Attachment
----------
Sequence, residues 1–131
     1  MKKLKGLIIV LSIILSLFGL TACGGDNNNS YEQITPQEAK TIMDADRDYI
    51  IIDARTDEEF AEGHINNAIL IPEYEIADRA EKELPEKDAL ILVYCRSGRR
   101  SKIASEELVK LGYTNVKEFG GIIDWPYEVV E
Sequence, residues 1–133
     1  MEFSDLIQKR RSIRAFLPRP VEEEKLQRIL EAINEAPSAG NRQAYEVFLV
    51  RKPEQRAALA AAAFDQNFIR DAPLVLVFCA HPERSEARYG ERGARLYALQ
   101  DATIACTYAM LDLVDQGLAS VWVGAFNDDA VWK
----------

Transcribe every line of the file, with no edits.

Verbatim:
Sequence, residues 1–131
     1  MKKLKGLIIV LSIILSLFGL TACGGDNNNS YEQITPQEAK TIMDADRDYI
    51  IIDARTDEEF AEGHINNAIL IPEYEIADRA EKELPEKDAL ILVYCRSGRR
   101  SKIASEELVK LGYTNVKEFG GIIDWPYEVV E
Sequence, residues 1–133
     1  MEFSDLIQKR RSIRAFLPRP VEEEKLQRIL EAINEAPSAG NRQAYEVFLV
    51  RKPEQRAALA AAAFDQNFIR DAPLVLVFCA HPERSEARYG ERGARLYALQ
   101  DATIACTYAM LDLVDQGLAS VWVGAFNDDA VWK